Prescribing for Pain

Satellite Image from Google Earth

Kaitlin Coward / News Editor

It started with a few prescriptions for pain pills from about 1999 to 2003. By 2004, Columbus Southern Medical Center was doling out 800,000 controlled substances for pain. Then it was more than one million. And it didn’t stop there.

Physicians and their assistants at Columbus Southern — owned and managed by former Ohio University Trustee Kevin Lake — prescribed  drugs like hydrocodone and oxycodone to hundreds of patients every day.

Still, the clinic, which was in operation as early as 1999 as a standard family medical clinic on 2912 S. High St. in Columbus, could only go so far.

In June 2010, the Drug Enforcement Administration executed a warrant to investigate the clinic. At that point, Lake stepped back. Around that time, he was also appointed to the Board of Trustees by then-Ohio Gov. Ted Strickland. Lake began to monitor and manage the clinic remotely, instructing physicians to never say that he owned it.

“Between the years 2004 and 2013, the prescribing doctors and staff ran Columbus Southern in a manner that was outside the usual course of professional practice, or not for legitimate medical purposes, in that they saw and prescribed controlled substances to hundreds of patients a day after patient visits that lasted just a few minutes each.” — Court records from the U.S. District Court for the Southern District of Ohio Eastern Division.

A year later, in 2011, Ohio Gov. John Kasich passed House Bill 93, which strengthened the state’s ability to investigate and shut down pill mills.

“What the bill said was that it has to be owned by physicians or has to be owned by a hospital,” Ohio Attorney General Mike DeWine said. “So that that in of itself took a lot of ‘em. It just closed ‘em. So the bill itself ... has been one part of the overall effort to deal with the pain med problem.”

No one was found guilty in connection to the DEA’s investigation until 2014, when former staff member Terry Dragash pleaded guilty to conspiracy to distribute oxycodone. More than a year later, two other former staff members pleaded guilty as well.

It wasn’t until January that Lake, who graduated from OU’s Heritage College of Osteopathic Medicine in 1992, pleaded guilty to drug, tax and fraud charges and admitted to operating the pain management clinic as a pill mill. The clinic had made tens of millions of dollars.

While the clinic was still in operation, investigators began to notice its growth.

Sometimes, patients would line up outside Columbus Southern an hour and a half before it would open. On a regular day, doctors and assistants might see up to 100 patients, who usually paid solely with cash, for visits as short as a few minutes.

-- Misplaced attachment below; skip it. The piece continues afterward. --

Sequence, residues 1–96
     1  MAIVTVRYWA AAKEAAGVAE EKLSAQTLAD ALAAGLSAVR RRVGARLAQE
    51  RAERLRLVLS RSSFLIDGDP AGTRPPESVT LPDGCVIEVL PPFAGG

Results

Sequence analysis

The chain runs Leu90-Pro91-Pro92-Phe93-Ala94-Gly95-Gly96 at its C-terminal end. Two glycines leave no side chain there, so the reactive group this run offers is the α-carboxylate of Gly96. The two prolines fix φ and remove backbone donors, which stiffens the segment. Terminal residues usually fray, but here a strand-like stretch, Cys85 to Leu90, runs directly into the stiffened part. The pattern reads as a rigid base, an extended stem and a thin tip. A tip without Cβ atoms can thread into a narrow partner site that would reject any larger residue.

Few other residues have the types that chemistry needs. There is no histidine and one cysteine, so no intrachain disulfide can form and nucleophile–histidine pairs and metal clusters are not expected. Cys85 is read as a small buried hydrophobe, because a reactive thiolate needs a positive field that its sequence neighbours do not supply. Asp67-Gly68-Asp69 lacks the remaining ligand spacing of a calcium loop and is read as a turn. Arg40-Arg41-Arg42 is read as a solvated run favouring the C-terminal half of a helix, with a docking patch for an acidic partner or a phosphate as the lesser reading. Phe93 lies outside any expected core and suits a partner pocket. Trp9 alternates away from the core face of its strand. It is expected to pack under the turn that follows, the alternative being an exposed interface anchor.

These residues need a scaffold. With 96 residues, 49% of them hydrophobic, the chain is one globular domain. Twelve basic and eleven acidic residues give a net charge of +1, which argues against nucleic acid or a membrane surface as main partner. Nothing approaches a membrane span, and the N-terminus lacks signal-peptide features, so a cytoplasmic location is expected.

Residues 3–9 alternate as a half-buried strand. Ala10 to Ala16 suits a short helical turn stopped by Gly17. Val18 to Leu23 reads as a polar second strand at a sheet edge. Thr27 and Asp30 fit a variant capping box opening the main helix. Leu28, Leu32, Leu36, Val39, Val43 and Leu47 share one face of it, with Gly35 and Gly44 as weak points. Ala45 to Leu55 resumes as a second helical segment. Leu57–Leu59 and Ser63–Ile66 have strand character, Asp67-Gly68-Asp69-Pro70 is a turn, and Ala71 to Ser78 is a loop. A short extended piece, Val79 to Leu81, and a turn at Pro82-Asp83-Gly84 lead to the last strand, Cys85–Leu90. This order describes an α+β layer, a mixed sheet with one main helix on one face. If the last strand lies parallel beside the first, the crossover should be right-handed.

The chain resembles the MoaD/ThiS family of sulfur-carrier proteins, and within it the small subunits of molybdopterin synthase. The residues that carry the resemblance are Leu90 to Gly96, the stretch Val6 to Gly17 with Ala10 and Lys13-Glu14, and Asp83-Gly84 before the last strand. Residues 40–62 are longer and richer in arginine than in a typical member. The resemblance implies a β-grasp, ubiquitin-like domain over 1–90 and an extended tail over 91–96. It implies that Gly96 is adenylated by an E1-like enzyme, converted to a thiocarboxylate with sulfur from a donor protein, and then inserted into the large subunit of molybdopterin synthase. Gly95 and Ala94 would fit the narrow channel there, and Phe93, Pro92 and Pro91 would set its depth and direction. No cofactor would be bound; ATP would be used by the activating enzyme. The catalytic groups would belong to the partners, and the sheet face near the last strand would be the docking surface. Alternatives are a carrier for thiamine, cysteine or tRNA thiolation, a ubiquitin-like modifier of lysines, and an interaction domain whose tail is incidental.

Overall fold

While the clinic’s client base continued to grow, doctors doled out opioids daily to patients, some of whom traveled long distances to seek out the clinic.

Lake resigned from OU’s Board of Trustees on Jan. 21. The trustees released a statement Jan. 31 that acknowledged Lake’s crimes.

Because Lake has yet to be sentenced, members of the U.S. Attorney General’s office declined to comment. Lake’s lawyer, Bradley Barbin, did not respond to phone calls or emails requesting comment.

“We are shocked and deeply disappointed by this development, and sympathize with the patients and their families impacted by his unlawful behavior,” reads the Board of Trustees’ statement.

Around the time that the DEA’s investigation of Columbus Southern began, about 10 pill mills were closed in Scioto County from 2010 to 2011.

Since then, DeWine said pill mills in Ohio have been “pretty much dealt with,” primarily because the state has focused on addressing the culture of drug addiction in prescribing practices. Meanwhile, his office has cracked down on investigating doctors who might not be adhering to the law.

“(Some doctors) only have the best interest of their patients at heart, but some of them are prescribing 30 to 35 to 40 pain pills for a fairly routine procedure, and what happens is these drugs if they're taken by the patient, all of them, the patient risks becoming addicted,” DeWine said.

DeWine said he wants to make sure people in pain are being adequately treated, but he stressed the need for weighing the risk of addiction against the seriousness of the problem. He said addressing those issues is how the state could decrease the number of drug-addicted people, and the number of pill mills as whole.

“We're making progress on the pain problem, but we still have a ways to go,” he said.

Development by: Taylor Johnston / For The Post